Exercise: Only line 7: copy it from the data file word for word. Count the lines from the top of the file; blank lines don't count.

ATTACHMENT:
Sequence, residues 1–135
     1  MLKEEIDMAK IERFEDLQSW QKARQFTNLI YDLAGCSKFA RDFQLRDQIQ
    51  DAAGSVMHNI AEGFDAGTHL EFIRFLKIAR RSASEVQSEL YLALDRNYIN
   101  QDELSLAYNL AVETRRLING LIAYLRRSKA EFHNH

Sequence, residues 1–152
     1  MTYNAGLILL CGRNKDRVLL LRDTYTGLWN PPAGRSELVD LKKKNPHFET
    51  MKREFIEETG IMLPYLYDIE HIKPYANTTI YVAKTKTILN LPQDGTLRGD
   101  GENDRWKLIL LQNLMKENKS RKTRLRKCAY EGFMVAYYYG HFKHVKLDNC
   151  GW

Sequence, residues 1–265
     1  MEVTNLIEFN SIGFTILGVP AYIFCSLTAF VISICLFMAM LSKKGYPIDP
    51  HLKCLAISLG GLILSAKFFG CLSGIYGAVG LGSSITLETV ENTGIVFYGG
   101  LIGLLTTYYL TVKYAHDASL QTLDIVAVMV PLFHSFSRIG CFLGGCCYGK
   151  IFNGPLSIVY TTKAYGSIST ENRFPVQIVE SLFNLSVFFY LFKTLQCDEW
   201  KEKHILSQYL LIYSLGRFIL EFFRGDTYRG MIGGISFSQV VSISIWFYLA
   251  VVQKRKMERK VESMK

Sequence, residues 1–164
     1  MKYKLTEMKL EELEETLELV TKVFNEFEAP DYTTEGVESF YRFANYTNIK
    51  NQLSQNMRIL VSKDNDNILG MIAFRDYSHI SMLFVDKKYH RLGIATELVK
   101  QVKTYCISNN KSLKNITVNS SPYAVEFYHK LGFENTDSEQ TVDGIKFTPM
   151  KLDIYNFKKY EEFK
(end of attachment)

    51  MKREFIEETG IMLPYLYDIE HIKPYANTTI YVAKTKTILN LPQDGTLRGD